BRCA1 loss-of-function triggers metabolic vulnerability to glutamine deprivation
Thesis or Dissertation
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Germline and somatic mutations of BRCA1 are associated with cancer initiation and progression. Although the role of BRCA1 is clearly defined in DNA-repair pathways, alternative functions of BRCA1 still remain obscure. Here, we examined the dependency of isogenic BRCA1 mutant cells to the main metabolic substrates and showed that BRCA1 loss-of-function renders cells more sensitive to glutamine deprivation. Consistently, glutamine deprivation led to more pronounced cell cycle arrest and apoptosis in BRCA1 mutant cells, which also displayed increased glutamine consumption. Incorporation of carbon and nitrogen stable-isotope labelled glutamine indicated an alternative processing of glutamine through the GABA shunt which allows more efficient nitrogen processing. Interestingly, we observed higher glutamate decarboxylase 1 (GAD1) protein levels in BRCA1 mutant cells and an increased sensitivity to GAD1 silencing. This metabolic rewiring also led to increased production of aspartate while other non-essential amino acids were reduced. In line with this, BRCA1 mutant cells displayed lower intracellular nucleotide levels, combined with increased intake and reduced secretion of nucleotide derivatives. Interestingly, the enhanced sensitivity of these cells to glutamine deprivation could be rescued by purine supplementation. Together, these data highlight the role of BRCA1 mutations in driving increased liability to glutamine deprivation and suggest that targeting the GABA shunt may be a novel therapeutic strategy to treat breast cancer patients harbouring BRCA1 mutations.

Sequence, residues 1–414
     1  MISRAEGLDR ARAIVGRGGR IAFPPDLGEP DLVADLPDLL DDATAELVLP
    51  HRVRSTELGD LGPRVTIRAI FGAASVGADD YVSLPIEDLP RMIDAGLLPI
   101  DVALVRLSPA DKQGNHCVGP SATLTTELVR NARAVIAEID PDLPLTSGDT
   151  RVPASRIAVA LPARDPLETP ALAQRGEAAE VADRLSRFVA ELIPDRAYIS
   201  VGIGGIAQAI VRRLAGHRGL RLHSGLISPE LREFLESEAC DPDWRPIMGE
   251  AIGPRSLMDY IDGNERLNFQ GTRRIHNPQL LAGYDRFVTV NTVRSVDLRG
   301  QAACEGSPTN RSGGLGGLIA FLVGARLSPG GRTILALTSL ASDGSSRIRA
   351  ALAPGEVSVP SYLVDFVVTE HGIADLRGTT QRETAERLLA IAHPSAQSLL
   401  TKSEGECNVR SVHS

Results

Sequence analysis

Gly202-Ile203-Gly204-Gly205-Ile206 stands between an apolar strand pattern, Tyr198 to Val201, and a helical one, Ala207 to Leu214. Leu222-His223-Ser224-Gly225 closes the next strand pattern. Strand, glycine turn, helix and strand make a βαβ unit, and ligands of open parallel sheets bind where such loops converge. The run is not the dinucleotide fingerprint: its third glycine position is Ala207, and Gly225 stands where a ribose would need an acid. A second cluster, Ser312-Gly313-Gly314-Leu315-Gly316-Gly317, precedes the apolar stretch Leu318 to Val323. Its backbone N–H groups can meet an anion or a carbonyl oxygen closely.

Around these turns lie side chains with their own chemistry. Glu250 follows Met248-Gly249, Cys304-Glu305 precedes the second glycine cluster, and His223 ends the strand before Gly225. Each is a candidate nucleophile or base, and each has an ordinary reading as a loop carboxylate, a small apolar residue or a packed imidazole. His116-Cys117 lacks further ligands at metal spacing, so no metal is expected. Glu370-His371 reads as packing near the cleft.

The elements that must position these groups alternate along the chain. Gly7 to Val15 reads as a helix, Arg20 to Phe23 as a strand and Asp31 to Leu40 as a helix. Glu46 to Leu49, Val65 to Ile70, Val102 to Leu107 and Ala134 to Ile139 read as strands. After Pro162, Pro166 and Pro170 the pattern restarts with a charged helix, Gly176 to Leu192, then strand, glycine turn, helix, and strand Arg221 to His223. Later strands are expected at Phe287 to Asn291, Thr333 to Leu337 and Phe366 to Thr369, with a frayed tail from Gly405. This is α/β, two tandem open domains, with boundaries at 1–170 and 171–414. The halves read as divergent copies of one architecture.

Breast Cancer - Genetics
Signalling & Cancer Metabolism
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Institute of Cancer Research (University Of London)